• Industry Learnings
    To be a world-class company that competes with Amazon, your systems need to be proactive, not reactive. If you’re not using data from your operation to build systems to help you anticipate needs, you’re already behind. For example, using data to build patterns, you should be able to proactively predict spikes in your market. Then you can increase the number of workers, power, and equipment to meet increased consumer demands. That will prevent you from reacting to the market and scrambling to keep up.

  • Concentric Learnings
    We put this lesson to work in our Remote Automated Asset Management System (RAAMS). This system collects and updates battery and charger data, then sends it to our database. Our system then scans the data and identifies opportunities where we can extend battery life and increase performance for our clients. This even includes charge profile adjustments. This proactively reduces the fleet number and maximizes uptime. We don't react to downtime; we preempt it by putting the data to work for us.

3. Internet of Things (IOT)

In the last point, we talked about Tesla’s data-driven cars, but imagine if, all of a sudden, the data stopped reporting. That would mean the Tesla cloud couldn’t see what problems were happening with the car because, as we mentioned, Tesla uses data collection technology and sensors that keep data flowing in real time. 

This “last mile” of gathering and using can sometimes be the hardest part.  You can have all the great adaptive controls in the world, but if that data flow stops working, Tesla and the owner are in for a world of hurt.  This is not only preventative and proactive, it takes the risk away for the owner, who doesn't have to worry about maintenance unless there's an issue and doesn't worry about breaking down on a road in the middle of the night. 

  • Industry Learnings
    Your material handling system should take the burden of data collection off of you just like Tesla removes that burden off of their drivers. This is where material handling operations will need to innovate. Data collection is often low on the to-do list when in reality, it could be a gold mine for innovation in technique and productivity.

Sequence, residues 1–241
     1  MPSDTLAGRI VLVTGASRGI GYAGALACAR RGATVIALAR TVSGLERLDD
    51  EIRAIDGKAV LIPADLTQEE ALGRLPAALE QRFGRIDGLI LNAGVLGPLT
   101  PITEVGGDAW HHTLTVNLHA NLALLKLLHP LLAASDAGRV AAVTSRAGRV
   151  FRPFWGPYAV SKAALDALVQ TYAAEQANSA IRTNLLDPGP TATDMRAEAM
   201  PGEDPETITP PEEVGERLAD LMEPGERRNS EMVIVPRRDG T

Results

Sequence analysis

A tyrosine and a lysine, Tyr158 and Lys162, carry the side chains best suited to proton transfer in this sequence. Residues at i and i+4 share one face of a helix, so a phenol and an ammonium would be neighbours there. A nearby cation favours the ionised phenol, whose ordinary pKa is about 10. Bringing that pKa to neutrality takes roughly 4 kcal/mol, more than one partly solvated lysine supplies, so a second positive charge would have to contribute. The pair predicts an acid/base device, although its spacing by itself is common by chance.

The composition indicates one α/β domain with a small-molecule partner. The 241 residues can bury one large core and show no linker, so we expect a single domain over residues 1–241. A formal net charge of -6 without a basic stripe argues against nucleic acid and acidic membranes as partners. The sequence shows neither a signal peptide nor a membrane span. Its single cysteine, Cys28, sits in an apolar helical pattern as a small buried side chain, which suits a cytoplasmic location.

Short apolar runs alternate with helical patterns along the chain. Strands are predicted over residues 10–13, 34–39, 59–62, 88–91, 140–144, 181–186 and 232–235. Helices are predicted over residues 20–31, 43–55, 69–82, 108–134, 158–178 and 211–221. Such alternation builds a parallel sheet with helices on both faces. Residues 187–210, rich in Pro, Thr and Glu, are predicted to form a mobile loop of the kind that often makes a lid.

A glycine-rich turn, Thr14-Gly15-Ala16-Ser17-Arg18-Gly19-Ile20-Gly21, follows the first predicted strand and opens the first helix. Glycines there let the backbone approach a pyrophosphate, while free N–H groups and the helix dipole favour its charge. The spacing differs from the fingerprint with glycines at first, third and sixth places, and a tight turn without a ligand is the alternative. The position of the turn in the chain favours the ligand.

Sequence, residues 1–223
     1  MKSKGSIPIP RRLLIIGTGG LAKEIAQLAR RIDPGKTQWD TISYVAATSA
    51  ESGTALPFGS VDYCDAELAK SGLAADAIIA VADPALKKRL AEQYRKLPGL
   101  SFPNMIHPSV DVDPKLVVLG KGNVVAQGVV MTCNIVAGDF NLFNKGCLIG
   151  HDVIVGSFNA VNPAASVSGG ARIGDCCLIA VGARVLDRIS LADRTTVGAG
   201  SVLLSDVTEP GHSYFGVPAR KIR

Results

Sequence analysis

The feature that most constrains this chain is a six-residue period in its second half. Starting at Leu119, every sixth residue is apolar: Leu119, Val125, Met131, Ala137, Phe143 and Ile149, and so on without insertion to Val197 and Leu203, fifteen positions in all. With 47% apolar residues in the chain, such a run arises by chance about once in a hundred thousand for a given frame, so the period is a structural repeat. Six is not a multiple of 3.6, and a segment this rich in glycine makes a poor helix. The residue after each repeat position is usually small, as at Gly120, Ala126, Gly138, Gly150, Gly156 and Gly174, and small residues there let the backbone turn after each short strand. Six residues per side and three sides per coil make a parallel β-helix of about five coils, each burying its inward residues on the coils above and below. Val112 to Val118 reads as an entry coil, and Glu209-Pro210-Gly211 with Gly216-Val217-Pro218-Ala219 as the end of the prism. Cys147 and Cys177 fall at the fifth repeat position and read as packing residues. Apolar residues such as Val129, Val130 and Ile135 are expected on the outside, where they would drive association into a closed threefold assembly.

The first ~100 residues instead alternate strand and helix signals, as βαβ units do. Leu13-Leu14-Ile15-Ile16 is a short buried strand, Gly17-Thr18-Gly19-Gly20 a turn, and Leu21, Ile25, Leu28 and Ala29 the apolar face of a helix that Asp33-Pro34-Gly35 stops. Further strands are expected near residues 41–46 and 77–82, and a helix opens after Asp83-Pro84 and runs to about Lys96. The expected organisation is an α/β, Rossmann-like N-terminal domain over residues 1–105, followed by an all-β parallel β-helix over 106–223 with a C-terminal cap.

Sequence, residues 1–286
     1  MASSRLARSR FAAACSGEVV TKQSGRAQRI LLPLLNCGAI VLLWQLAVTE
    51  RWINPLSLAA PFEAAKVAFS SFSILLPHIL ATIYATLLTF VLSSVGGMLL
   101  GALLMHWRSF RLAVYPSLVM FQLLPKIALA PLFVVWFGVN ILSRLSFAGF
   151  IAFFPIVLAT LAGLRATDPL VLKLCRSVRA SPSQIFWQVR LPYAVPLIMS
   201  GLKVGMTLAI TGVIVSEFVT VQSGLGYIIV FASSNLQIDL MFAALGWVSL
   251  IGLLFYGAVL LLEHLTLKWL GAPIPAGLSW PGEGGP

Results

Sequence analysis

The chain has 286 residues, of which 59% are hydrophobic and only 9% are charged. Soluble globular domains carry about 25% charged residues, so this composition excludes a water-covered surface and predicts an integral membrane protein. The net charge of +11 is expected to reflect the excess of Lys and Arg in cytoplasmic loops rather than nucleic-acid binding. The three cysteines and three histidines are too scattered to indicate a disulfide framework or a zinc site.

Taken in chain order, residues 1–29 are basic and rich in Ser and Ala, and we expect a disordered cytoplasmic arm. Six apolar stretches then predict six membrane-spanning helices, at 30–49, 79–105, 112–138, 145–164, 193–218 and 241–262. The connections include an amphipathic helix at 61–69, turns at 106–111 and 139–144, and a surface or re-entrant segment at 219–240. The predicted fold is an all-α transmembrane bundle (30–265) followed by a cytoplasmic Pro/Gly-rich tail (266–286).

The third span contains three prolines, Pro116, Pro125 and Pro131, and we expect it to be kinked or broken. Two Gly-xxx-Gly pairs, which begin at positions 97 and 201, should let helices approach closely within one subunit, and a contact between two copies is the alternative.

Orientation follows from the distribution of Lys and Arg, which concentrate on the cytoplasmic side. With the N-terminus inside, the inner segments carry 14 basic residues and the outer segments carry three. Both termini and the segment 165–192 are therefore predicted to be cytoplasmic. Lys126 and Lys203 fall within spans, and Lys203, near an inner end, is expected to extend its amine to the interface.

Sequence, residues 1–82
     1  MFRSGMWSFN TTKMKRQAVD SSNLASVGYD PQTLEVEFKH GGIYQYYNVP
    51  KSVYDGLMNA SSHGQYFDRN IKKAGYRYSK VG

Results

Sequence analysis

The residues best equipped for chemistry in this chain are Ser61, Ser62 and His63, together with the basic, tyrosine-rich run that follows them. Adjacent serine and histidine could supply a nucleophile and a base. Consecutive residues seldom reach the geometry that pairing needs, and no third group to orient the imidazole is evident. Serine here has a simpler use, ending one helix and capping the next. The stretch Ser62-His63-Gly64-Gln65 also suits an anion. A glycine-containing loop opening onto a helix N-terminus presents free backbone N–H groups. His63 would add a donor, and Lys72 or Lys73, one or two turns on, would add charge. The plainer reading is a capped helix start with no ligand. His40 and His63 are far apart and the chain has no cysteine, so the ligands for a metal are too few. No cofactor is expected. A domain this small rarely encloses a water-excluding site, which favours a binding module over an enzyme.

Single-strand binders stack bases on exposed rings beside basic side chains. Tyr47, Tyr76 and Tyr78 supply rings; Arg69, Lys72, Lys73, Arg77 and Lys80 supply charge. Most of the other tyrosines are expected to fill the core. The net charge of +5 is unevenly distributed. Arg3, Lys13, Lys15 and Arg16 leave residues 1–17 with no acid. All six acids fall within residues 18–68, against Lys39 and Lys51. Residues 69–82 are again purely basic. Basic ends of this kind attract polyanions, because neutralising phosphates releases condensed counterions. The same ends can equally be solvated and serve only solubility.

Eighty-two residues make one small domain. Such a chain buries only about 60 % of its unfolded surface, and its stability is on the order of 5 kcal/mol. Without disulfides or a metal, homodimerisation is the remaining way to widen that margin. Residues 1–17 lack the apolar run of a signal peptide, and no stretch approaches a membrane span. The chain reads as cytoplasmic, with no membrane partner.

For example, many fleet managers deploy sensors on their trucks or batteries in an attempt to collect data only to give up on it after a year or two. Why? It's too much hassle. The warehouse manager has enough to worry about without making sure sensor systems run for the rest of the life of the asset. What’s more, most facilities have limited data access and let’s face—material handling is often given low priority. It can feel overwhelming, if not impossible, to get the access you need.

    Your vendor should collect and manage the data to improve processes, so your company can concentrate on your core business.
  • Concentric Learnings
    Ensure data is accessible and useful, as opposed to overwhelming. Concentric creates data-driven action plans by collecting and filtering data from our customers. What’s more, each company dictates the level of data that works best for them. If a company wants all the data, it’s theirs. More often, customers prefer a "big picture" look at their uptime. Whatever the preference, the end result is data collection that benefits the client without impeding their work. 

We hope these innovations and the corresponding takeaways have helped you think about the material handling industry from a new perspective.

If you’d like another way to get a fresh take on your business, download our Material Handling Scorecard. It only takes five minutes and lets you know if you’re being reactive or proactive.